Protect Your Legacy.
Summary of a Trustee's Role
No matter where you are in the estate planning process or if you are just starting to consider your options, you probably have questions about how you want your assets distributed and who should be given that responsibility. A trust can be a great tool in your estate planning tool kit. A properly created trust can give you and your family more options and privacy than a will.
Unlike a will, a trust will help keep your estate from going through an expensive, time-consuming, and public probate process. If you set up a trust, you still create a will, but it becomes a pour-over will, which moves (pours) your assets into your trust. You can choose from different types of trusts, depending on how and when you want your assets dispersed.
Types of Trusts
There are many types of trusts, but they all establish a financial arrangement between three parties: the trustor(s), the trustee(s), and the beneficiary(ies). The person creating the trust is known as the trustor, grantor, or trustmaker. Trusts can be created by more than one person. The trustor chooses one or more persons or entities to serve as the trustee. The trust is for the benefit of one or more beneficiaries, which can be people or entities, such as charities. For some trusts, the trustor, trustee, and beneficiary are the same person.
The Role of a Trustee
The role of a trustee can vary widely, depending on the nature of the trust, wishes of the trustor, and needs of the beneficiaries. Generally speaking, a trustee manages the trust and the assets it holds and disperses income or principal from the trust in accordance with the terms of the trust. A trustor may grant the trustee broad latitude in distributing assets to the beneficiaries or may impose strict guidelines. For example, a trustee may be allowed to make funds available for the general wellbeing and happiness of the beneficiaries or may only be able to disperse funds for educational purposes.
If the trustor has a beneficiary who has special needs and is receiving benefits from Medicaid, Medicare, or another government program, then the trustee needs to make sure they are dispersing assets without disqualifying the beneficiary from the government program. Some trusts have a special or supplemental needs provision in them, and some are wholly for the person with special needs.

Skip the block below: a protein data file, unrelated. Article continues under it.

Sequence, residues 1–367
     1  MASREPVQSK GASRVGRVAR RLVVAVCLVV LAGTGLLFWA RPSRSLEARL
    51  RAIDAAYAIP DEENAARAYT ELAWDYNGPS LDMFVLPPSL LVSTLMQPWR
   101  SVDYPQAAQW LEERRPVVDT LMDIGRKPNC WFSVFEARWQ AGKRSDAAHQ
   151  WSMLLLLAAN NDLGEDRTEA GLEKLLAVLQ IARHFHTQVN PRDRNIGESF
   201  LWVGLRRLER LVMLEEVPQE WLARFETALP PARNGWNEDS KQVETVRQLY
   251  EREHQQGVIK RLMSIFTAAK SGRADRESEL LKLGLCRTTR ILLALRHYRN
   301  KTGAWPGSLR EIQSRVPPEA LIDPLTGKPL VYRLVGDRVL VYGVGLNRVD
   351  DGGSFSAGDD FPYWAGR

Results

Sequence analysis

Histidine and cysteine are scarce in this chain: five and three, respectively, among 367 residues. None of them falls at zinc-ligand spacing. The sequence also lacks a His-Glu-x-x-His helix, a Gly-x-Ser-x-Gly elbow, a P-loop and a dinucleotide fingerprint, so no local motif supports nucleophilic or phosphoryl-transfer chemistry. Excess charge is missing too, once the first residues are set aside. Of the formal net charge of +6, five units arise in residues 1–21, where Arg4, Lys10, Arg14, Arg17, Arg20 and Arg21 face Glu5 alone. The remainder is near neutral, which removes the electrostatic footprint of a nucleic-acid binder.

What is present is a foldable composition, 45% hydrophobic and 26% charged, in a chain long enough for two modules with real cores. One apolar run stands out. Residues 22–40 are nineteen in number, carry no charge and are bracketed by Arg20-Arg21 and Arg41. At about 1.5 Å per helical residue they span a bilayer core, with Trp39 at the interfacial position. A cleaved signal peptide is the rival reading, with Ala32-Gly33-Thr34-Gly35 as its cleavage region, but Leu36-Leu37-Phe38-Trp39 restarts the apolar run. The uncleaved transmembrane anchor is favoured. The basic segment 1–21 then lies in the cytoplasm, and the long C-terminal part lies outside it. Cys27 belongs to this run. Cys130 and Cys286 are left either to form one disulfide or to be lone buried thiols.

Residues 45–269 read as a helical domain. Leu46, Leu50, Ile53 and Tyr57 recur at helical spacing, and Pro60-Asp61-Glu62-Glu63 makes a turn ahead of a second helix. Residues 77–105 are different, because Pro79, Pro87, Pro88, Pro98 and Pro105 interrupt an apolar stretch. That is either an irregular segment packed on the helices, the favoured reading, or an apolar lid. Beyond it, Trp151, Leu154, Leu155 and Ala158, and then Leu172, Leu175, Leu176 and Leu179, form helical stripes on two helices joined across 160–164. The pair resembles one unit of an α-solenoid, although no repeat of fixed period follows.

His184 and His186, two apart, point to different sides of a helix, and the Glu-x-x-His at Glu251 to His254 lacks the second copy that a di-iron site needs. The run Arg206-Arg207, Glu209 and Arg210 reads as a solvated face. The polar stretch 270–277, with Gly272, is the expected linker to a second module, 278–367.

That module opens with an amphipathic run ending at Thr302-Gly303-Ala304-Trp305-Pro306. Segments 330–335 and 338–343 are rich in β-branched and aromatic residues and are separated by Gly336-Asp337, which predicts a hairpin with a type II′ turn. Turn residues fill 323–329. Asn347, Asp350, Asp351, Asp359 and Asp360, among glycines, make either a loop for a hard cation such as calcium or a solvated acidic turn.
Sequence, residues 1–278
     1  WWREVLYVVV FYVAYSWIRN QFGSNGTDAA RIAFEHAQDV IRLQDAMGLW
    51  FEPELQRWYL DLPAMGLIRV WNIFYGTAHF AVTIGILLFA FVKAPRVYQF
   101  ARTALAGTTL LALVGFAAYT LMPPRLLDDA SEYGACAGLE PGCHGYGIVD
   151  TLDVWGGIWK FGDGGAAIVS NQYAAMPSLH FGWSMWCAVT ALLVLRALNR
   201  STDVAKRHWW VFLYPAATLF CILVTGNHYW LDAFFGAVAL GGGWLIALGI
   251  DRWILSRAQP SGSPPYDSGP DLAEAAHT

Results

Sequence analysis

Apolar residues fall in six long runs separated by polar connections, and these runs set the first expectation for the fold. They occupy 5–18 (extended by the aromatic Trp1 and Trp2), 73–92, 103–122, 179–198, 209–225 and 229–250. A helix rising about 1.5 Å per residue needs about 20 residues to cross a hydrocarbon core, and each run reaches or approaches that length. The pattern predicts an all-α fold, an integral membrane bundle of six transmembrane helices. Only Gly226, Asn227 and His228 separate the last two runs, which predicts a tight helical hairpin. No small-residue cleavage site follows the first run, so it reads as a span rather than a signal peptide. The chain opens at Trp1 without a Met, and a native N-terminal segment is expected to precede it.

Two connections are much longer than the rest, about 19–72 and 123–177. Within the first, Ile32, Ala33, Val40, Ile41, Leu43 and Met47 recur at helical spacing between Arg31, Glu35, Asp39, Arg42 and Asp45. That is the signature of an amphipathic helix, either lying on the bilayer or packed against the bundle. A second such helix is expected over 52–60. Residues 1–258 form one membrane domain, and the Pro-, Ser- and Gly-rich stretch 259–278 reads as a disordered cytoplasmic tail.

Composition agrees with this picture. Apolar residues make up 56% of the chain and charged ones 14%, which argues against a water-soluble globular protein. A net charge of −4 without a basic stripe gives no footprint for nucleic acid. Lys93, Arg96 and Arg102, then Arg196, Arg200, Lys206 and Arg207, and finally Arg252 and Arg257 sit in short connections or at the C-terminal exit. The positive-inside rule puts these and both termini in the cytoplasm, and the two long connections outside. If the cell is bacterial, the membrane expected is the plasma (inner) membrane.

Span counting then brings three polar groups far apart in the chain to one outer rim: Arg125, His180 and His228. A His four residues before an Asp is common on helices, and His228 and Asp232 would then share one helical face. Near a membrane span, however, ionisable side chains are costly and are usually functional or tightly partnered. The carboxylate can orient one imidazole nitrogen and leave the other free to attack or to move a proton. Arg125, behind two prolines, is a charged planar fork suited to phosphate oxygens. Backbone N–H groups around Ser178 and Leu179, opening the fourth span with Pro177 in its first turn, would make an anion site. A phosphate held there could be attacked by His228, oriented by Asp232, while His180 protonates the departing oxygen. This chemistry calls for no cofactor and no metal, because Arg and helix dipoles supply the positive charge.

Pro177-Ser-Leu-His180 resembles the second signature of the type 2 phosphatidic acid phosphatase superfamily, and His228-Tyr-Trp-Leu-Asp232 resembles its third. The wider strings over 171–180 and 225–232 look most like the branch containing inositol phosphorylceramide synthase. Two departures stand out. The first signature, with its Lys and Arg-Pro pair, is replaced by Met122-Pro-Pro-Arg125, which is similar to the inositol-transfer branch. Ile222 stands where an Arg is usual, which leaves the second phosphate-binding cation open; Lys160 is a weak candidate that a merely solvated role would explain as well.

In addition to dispersing the funds of a trust, the trustee also pays any taxes that are owed, records expenses and income, and oversees the physical assets owned by the trust, such as real estate. The trustee may be required to report taxes, expenses, and income to the beneficiaries on a scheduled basis. All these duties will be dictated by the language in the trust.
Choosing a Trustee
In most cases, the trustee of a trust can also be a beneficiary of the trust. One notable example of when a beneficiary cannot be the trustee of their trust is with a special needs trust. For the beneficiary of a special needs trust to qualify for government assistance, they cannot have any control over the assets of their trust or how they are managed and dispersed.
When considering who will be the trustee of your trust, choose a person you can rely on to follow the instructions you lay out in the trust. This person can be a reliable family member or friend, or an entity, such as a bank or trust company. For some trusts, such as a living trust, you can be the initial trustee and select someone else to be the trustee if you become incapacitated or when you die.
More than One Trustee
More than one person can serve as trustee at a time. This can be a good option for when beneficiaries are young. For example, a trustor can allow a young beneficiary to serve as a co-trustee of their trust along with an older trustee until a certain age when the beneficiary can serve as sole trustee.
Choosing the trustee of a trust is an important decision. When you are making this decision, consider the purpose of the trust now and in the future. Consider who will be able to best manage the trust’s assets and the beneficiaries’ needs. An experienced estate planning attorney can help you create the trust, or trusts, that will best suit your needs and select the right trustees.
This article offers a summary of aspects of estate planning law. It is not legal advice, and it does not create an attorney-client relationship. For legal advice, you should contact an attorney. We hope you found this article helpful. If you have questions or would like to discuss a personal legal matter, please contact us today at (408) 371-6000 to schedule a free consultation.